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The vulnerable elderly

In the third part of our new series, consultant in elderly care medicine Professor Margot Gosney offers advice on caring for older people who may be suffering abuse

In the third part of our new series, consultant in elderly care medicine Professor Margot Gosney offers advice on caring for older people who may be suffering abuse

‘Granny-battering' was first described in the UK in 1975, although much of the research in this area had previously been performed outside the UK. In 1988, a social services survey found that 5% of elderly clients were being abused and a 1990 study of the care of patients receiving respite services suggested that 45% of carers openly admitted to some form of abuse.

The first prevalence study of elder abuse in Britain was published in the BMJ in 19921. It sparked outrage and considerable dispute about the reliability of the data. The charity Action on Elder Abuse (AEA) was established in 1993 with the aim of preventing the abuse of older people.

What is adult abuse?

In March 2000, in the publication No Secrets, the Department of Health defined such abuse as: ‘A violation of an individual's human and civil rights by any other person or persons. It may be physical, verbal or psychological, it may be an act of neglect or an omission to act, or it may occur when a vulnerable person is persuaded to enter into a financial or sexual transaction, to which he or she has not consented, or cannot consent. Abuse can occur in any relationship and may result in significant harm to, or exploitation of, the person subjected to it.'2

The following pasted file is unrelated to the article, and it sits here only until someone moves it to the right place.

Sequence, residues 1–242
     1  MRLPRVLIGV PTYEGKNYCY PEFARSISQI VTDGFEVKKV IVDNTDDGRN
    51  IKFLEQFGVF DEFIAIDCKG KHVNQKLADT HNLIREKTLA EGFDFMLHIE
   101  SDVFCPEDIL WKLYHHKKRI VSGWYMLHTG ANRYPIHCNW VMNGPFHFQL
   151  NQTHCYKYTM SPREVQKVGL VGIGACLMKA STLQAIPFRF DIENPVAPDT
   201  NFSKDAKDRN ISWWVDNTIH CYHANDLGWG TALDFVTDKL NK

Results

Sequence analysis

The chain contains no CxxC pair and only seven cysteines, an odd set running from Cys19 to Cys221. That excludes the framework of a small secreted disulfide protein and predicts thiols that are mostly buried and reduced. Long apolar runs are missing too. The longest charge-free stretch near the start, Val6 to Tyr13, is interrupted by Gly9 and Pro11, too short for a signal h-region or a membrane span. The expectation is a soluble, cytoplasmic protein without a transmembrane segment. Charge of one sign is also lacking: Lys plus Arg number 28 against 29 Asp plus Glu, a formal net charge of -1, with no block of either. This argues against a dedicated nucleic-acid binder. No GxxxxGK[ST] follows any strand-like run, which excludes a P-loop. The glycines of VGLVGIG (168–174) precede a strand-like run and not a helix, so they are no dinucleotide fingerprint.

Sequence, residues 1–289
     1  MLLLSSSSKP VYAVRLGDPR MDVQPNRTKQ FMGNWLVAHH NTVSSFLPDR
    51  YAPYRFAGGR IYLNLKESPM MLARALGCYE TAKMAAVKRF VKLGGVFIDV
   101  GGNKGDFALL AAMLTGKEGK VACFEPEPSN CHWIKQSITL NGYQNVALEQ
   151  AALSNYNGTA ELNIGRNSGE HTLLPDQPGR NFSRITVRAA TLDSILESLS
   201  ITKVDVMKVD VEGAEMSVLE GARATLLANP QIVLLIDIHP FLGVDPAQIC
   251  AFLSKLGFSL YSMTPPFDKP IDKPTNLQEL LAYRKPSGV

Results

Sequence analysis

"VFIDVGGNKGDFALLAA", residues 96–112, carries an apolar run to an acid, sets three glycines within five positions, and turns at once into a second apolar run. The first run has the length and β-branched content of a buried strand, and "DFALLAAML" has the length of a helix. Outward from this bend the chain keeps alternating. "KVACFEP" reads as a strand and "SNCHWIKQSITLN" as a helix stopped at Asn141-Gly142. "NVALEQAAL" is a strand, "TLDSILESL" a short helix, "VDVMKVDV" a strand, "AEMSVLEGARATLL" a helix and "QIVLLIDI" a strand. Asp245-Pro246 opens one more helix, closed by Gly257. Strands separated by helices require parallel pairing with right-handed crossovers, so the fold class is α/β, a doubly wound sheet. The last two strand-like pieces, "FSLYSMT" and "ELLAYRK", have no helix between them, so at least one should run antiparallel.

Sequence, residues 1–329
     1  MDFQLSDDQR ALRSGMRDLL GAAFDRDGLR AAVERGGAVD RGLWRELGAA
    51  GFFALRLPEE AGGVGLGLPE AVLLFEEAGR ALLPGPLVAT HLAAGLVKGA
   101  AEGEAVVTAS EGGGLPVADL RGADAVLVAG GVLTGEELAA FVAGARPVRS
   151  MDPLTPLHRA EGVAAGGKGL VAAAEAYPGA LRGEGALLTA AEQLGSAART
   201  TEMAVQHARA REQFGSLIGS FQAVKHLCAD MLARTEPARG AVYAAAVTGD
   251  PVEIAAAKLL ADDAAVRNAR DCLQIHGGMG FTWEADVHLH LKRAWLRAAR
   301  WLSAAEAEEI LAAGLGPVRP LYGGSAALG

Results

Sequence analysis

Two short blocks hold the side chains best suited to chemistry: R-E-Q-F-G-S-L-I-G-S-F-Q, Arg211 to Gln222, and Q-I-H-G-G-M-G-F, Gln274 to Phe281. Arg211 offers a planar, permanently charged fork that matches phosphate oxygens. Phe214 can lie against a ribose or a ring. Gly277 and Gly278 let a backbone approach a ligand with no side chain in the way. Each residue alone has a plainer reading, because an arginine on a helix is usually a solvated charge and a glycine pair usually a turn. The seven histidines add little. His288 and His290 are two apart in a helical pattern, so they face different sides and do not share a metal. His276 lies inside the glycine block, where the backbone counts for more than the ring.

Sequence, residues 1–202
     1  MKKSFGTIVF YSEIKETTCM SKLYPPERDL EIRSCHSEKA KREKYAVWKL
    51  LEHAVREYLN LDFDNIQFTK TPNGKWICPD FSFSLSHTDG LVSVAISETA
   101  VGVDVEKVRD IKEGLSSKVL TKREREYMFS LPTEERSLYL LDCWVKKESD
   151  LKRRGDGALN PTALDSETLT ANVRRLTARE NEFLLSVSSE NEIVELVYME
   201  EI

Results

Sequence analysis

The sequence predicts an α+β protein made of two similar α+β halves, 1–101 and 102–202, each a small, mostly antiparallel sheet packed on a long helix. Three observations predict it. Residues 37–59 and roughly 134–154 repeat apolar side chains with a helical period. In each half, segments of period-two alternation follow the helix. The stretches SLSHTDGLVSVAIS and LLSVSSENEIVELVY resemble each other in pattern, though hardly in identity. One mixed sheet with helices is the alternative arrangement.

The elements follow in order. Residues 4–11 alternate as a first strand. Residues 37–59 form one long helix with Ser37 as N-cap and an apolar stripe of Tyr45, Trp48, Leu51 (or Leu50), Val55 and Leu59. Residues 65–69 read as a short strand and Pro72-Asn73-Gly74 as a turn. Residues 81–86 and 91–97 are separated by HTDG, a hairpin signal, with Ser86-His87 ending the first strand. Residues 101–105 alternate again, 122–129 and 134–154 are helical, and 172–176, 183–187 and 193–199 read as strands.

How common is abuse?

In the UK Study of Abuse and Neglect of Older People, published in June 2007, the samples studied were representative of the general UK population aged 66 or older who were living in private households3. It found that 2.6% of these people reported that they had experienced mistreatment involving a family member, close friend or care worker in the previous year.

This would equate to a quarter of a million people living in private households in the UK being neglected or abused on an annual basis. If the definition of mistreatment is broadened to include incidents involving neighbours and acquaintances, the figure increases to 4%.

There is very little evidence about the prevalence of elder abuse in nursing and residential homes. It must be remembered that most patients within these settings are often physically frail, with marked cognitive impairment.

This means physical injuries may be poorly reported and, without input from healthcare professionals, family and friends, many older people may suffer abuse that is unrecognised and therefore under-reported. Coincidental falls, the use of bed restraints and high levels of medication make it difficult to detect and quantify.

What type of abuse occurs?